2. Add the 1/4 cup of tarragon and the parsley. Working in batches, puree the soup in a blender. Return the soup to the pot, add the cream and peas; rewarm. Season with salt and white pepper and garnish with tarragon and zest.

Wednesday, April 6, 2011

Lentil Soup

For the past few months, nearly every time I opened my cabinet a lonely bag of lentils with no culinary destiny was staring back at me. I love lentils and they cook much more quickly than many dried beans, but I'd just never gotten around to finding a recipe to use them until I stumbled upon this one on Mark Bittman's website, one of the food blogs/websites I check on a regular basis. By no means is this a pretty soup, but it is packed full of both nutrition and flavor, easy to prepare, and can feed everyone from vegans to carnivores (by cooking up some chopped bacon or sausage at the start and cooking your vegetables in the rendered fat). The lentils are hearty and filling, and make for a satisfying and healthy lunch or dinner with a side salad and crusty piece of bread.

Lentil Soup
from How to Cook Everything by Mark Bittman
serves 4

2 tablespoons extra virgin olive oil
1 onion, chopped
1 carrot, cut into 1/2-inch dice
1 celery stalk, cut into 1/2 -inch dice
1 cup lentils, washed and picked over
1 bay leaf
6 cups chicken, beef, or vegetable stock or water
Freshly ground black pepper

1. Put the oil in a large, deep pot over medium heat. When hot, add the onion and cook, stirring frequently, until soft, just a minute or two. Add the carrot and celery and keep cooking and stirring until brightly colored and hot, about 2 minutes.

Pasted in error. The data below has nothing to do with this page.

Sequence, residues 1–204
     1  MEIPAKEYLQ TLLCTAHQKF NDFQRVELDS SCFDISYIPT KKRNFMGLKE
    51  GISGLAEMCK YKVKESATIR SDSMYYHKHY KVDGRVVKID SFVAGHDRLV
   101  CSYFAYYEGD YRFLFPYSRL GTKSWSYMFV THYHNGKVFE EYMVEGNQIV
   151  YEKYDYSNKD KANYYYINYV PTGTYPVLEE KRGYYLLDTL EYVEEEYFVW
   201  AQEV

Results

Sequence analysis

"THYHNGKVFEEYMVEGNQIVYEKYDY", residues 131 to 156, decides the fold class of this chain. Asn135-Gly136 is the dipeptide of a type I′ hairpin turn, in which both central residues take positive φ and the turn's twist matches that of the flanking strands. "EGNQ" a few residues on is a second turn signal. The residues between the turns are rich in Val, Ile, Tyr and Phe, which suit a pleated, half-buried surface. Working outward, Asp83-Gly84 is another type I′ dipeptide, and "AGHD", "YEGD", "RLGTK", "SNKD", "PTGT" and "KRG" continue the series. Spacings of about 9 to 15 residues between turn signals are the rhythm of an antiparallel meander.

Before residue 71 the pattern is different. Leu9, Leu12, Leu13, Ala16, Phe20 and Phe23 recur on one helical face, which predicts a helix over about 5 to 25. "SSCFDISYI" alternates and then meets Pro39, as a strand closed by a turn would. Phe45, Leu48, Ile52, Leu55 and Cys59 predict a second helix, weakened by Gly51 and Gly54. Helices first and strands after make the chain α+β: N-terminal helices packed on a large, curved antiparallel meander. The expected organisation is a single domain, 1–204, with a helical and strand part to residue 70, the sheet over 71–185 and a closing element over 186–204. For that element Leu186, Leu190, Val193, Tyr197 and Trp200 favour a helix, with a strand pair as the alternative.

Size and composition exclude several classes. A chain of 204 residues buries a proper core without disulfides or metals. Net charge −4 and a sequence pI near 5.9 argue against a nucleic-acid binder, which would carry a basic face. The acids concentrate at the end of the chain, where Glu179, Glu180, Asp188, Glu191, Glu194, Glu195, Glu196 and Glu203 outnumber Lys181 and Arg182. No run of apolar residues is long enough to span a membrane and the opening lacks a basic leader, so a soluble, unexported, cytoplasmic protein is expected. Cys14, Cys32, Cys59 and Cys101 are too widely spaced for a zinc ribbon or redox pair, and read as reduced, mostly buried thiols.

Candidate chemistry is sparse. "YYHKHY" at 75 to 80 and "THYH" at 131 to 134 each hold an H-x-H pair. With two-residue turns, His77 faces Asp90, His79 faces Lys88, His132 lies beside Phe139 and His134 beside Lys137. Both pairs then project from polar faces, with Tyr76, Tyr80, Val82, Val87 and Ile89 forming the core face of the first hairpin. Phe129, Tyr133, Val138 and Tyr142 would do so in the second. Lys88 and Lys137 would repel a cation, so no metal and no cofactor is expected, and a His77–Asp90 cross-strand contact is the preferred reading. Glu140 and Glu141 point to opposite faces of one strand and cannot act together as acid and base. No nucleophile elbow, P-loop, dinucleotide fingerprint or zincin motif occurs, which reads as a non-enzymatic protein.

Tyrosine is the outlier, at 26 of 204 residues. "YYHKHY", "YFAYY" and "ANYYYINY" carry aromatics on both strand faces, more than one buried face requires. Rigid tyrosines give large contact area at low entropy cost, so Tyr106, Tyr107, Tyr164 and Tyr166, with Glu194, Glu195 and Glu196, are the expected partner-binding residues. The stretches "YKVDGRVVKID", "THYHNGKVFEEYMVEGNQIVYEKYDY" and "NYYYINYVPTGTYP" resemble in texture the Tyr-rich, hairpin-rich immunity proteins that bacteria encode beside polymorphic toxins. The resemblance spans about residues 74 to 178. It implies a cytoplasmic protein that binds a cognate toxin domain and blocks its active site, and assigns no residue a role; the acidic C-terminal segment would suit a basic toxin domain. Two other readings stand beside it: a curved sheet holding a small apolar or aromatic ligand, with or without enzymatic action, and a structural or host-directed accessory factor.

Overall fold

2. Add the lentils, bay leaf, and stock; sprinkle with freshly ground black pepper. Bring to a boil, then turn the heat to low and cook, stirring occasionally, until the lentils are tender, about 30 minutes. (At this point, you may cool and refrigerate the soup, covered, for up to 2 days; reheat gently.) Add more stock if the soup is too thick. Just before serving, taste, sprinkle with salt and more pepper if needed, and serve.

Sunday, April 3, 2011

Shiitake, Spinach, and Sun-Dried Tomato Quesadillas

You can tell spring is truly here when the variety of produce available at the farmer's market starts to expand from root vegetables and winter spinach and I giddily anticipate being able to prepare most of my meals from farmer's market and CSA produce. This past week I bought some fantastic shiitake mushrooms and Snug Haven spinach from the farmer's market in anticipation of combining them, but with no specific plan. A quick survey of my fridge revealed some tortillas and sun-dried tomatoes that I wanted to use up and an ever-present large selection of Wisconsin cheeses and my thoughts immediately turned to quesadillas (and I use that term loosely). Quesadillas, like pizza and paninis, are a great way to get creative and use up the odds and ends of ingredients leftover from other recipes and range from very healthy to completely indulgent. Earthy mushrooms, fresh spinach, and intensely flavored sun-dried tomatoes all come together under a not-too-heavy blanket of cheese for a delicious appetizer or entree alongside a cup of soup or side salad. Although not quite as delicious as fresh off the grill, these quesadillas hold up pretty well for lunch the following day and are a satisfying change from peanut butter and jelly or cold cuts and cheese.